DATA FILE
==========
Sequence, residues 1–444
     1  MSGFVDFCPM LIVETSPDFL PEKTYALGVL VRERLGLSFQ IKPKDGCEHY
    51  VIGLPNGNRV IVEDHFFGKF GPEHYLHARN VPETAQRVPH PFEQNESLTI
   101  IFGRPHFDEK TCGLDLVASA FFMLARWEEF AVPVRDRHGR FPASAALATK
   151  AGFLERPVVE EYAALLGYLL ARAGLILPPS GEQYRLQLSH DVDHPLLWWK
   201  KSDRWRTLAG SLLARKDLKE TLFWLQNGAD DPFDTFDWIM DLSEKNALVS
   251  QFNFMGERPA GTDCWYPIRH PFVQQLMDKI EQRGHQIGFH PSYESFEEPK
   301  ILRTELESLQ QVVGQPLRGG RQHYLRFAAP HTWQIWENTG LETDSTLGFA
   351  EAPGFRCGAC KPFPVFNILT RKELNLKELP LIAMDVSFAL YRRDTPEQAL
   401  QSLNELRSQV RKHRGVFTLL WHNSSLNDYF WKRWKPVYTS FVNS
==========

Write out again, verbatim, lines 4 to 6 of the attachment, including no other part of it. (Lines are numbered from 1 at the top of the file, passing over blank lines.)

   101  IFGRPHFDEK TCGLDLVASA FFMLARWEEF AVPVRDRHGR FPASAALATK
   151  AGFLERPVVE EYAALLGYLL ARAGLILPPS GEQYRLQLSH DVDHPLLWWK
   201  KSDRWRTLAG SLLARKDLKE TLFWLQNGAD DPFDTFDWIM DLSEKNALVS